Publication Type:Journal Article
Source:Lithos, Volume 294, p.397-411 (2017)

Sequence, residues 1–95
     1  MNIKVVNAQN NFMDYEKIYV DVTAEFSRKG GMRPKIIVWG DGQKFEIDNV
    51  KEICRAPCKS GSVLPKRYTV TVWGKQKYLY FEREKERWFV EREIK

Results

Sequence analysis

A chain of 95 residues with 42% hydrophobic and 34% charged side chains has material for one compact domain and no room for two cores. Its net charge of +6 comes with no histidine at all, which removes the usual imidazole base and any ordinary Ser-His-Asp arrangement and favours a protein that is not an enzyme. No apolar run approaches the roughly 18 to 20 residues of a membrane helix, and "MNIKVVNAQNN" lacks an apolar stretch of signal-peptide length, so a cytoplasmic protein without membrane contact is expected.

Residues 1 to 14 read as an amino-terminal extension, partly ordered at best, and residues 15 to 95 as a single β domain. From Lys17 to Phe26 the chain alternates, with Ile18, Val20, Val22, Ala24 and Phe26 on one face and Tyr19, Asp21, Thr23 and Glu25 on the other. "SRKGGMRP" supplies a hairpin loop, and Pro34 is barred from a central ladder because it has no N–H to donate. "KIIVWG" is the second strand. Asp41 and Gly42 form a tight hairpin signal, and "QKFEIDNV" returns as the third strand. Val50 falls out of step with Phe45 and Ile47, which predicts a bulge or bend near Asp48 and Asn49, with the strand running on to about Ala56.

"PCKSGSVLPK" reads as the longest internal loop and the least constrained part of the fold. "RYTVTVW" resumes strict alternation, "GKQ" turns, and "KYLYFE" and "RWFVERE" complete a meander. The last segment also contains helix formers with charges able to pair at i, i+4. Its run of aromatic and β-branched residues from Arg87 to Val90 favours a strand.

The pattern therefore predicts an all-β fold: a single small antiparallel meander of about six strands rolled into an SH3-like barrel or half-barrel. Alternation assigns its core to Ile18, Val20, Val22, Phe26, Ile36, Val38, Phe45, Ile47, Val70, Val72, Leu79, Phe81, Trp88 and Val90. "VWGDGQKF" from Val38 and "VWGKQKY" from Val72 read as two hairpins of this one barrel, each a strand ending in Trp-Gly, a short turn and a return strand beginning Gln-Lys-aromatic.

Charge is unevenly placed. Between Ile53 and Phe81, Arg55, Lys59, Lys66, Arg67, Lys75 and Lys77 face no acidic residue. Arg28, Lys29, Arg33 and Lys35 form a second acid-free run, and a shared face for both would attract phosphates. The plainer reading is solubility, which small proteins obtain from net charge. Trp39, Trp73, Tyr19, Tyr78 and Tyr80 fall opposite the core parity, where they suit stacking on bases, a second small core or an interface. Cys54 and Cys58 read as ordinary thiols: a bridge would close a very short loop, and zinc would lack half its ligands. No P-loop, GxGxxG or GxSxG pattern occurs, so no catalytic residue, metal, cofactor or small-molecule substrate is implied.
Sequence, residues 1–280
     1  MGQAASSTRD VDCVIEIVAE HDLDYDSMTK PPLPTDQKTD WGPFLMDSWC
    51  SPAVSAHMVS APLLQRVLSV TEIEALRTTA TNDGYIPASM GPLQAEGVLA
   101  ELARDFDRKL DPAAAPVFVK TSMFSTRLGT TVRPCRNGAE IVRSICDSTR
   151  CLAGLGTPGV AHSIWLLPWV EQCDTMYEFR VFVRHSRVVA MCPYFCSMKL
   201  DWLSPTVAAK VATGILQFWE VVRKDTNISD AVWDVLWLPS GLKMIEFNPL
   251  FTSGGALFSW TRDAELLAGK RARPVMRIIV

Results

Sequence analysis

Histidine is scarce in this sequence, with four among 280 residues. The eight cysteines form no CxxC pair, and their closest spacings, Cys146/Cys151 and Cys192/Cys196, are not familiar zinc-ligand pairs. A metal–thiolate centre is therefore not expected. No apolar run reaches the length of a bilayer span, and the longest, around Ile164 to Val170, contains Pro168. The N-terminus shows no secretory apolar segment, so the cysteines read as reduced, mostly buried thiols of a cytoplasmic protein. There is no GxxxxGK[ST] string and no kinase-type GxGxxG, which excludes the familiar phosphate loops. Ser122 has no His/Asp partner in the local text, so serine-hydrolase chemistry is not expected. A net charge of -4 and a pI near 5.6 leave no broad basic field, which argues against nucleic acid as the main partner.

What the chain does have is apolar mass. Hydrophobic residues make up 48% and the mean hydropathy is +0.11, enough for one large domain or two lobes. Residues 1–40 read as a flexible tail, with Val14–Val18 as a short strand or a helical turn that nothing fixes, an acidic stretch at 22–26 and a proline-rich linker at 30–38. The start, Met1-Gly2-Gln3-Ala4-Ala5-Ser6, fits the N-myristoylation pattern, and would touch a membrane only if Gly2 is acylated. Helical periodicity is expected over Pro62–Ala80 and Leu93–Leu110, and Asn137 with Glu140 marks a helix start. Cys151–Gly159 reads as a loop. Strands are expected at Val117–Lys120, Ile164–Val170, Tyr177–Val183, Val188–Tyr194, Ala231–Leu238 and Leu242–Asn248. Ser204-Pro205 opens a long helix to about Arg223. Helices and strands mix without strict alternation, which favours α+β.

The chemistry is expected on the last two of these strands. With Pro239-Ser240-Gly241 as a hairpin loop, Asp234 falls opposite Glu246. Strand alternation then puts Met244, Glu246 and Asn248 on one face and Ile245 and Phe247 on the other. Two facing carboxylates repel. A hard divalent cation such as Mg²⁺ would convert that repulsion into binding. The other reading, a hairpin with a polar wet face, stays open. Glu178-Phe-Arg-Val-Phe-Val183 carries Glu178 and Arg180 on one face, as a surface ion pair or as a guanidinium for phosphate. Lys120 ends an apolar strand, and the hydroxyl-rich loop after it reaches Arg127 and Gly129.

Silicic rocks occur in the uppermost units of the longest volcanic succession (similar to 5000 m thick) in the Binchuan area of the Permian Emeishan flood basalt province of SW China. They are predominantly rhyolites and to a lesser extent trachytes, both containing potassium feldspar megacrysts as the dominant phenocryst phase up to approximately 20 mm in size. These megacrysts contain domains of albite arranged in vein-like networks, likely formed by post-magmatic alteration. Crystal size distributions (CSD) suggest that these megacrysts grew in a stable magmatic system, consistent with relatively uniform core-to-rim compositional (K2O: similar to 14-16 wt%) and isotopic profiles (208)pb/Pb-206 ratios (similar to 2.06-2.08 +/- 0.005). Both whole-rock trace elements and Pb isotope ratios of these silicic rocks are similar to the Emeishan basalts, suggesting a common source for both mafic and felsic units and a limited role of crustal melting in genesis of the felsic units. Major and trace element models further indicate that these rocks could not have formed exclusively by re-melting of old crust or solidified basaltic rock, but must have formed through crystal fractionation from the flood basalts or possibly partial melting of basaltic rock followed by fractional crystallization. K-feldspar-bearing rhyolites are also observed in the last stages of other large igneous provinces. We suggest that they represent final melt fractions and their appearance in the magmatic system coincides with waning of voluminous magmatic activities.